The key to the transformation at Buick is its willingness to explore the so-called white space, according to Automotive News; the term refers to niches in the market without rivals as a challenge. In addition, the brand's position in the near-luxury space means that its products are cross-shopped by a large swath of customers. Without having a specific competitor, Buick has more room to experiment within its segment. "Designers love designing Buicks because it's not a paint-by-numbers brand," said Andrew Smith, director of design at Buick and Cadillac, to Automotive News.
The company's strategy of going where others haven't is best exemplified by the Encore. The subcompact, luxury crossover came to market early, and Buick found serious success with it. The tiny CUV was the automaker's fastest growing model last year with a 53 percent gain and 48,892 units sold. With the test a triumph, the Encore recently got a sibling in the US in the form of the Chevrolet Trax.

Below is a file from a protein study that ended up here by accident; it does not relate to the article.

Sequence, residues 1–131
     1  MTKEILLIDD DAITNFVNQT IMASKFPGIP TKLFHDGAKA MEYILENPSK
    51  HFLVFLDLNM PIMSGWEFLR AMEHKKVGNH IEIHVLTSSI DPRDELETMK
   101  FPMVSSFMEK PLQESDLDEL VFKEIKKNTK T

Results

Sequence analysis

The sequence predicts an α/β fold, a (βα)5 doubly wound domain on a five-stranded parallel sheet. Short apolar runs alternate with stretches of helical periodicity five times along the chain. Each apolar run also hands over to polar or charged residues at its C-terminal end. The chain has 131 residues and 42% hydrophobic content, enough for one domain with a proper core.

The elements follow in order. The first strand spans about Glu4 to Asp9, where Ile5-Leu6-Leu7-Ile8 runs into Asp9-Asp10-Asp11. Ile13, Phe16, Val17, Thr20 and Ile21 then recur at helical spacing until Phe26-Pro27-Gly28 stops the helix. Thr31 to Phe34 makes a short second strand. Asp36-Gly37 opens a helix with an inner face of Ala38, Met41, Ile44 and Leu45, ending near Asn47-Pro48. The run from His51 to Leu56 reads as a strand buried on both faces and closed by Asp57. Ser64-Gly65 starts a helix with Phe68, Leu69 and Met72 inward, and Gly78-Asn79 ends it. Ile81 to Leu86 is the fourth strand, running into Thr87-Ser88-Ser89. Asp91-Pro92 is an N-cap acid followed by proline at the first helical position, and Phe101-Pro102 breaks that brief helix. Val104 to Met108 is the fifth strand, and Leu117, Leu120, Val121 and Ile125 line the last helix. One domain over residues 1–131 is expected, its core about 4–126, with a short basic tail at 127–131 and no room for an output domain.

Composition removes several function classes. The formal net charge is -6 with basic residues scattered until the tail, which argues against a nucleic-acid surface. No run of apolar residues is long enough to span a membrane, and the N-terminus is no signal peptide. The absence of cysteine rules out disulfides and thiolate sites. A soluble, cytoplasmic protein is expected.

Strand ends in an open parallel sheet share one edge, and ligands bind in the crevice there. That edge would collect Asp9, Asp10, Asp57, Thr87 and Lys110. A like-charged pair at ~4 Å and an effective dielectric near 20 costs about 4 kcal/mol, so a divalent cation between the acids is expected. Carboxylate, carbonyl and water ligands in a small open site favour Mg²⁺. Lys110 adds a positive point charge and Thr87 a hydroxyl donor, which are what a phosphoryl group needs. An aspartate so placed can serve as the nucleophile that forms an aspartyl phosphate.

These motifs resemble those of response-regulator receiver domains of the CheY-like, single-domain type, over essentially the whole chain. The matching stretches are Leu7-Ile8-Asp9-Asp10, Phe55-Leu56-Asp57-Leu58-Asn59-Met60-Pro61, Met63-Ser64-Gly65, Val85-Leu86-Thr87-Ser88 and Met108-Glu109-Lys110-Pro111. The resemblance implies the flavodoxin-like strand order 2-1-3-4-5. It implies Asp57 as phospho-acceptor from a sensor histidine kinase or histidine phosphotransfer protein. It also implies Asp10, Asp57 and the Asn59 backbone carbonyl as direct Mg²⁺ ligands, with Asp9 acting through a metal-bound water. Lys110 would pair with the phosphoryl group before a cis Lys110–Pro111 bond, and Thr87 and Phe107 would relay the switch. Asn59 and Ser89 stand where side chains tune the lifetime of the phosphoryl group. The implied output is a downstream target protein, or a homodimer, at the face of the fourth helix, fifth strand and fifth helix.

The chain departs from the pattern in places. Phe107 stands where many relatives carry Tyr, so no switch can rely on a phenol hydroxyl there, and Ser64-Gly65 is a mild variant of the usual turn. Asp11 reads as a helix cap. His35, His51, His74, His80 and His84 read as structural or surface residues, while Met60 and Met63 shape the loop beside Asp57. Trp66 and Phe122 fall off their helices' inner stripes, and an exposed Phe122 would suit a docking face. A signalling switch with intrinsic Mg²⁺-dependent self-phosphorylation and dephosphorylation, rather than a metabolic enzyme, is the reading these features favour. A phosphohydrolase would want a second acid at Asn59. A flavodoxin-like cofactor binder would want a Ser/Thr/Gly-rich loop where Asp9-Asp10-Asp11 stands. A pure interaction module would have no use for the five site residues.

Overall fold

The upcoming Cascada is taking a similar approach. The non-sporty convertible segment is practically empty in the US, and this slightly redesigned product from Opel has the opportunity to become a leader in its niche.
Of course, Buick's biggest recent surprise was the Avenir concept at the 2015 Detroit Auto Show. The car's swooping shape and use of materials earned it two EyesOn Design Awards against some tough competition. While the company's intentions for this flagship sedan aren't entirely clear yet, the vehicle does "test some of the future design language that will come on the next generation of Buicks," according to brand boss Duncan Aldred to Automotive News, which is definitely something to look forward to.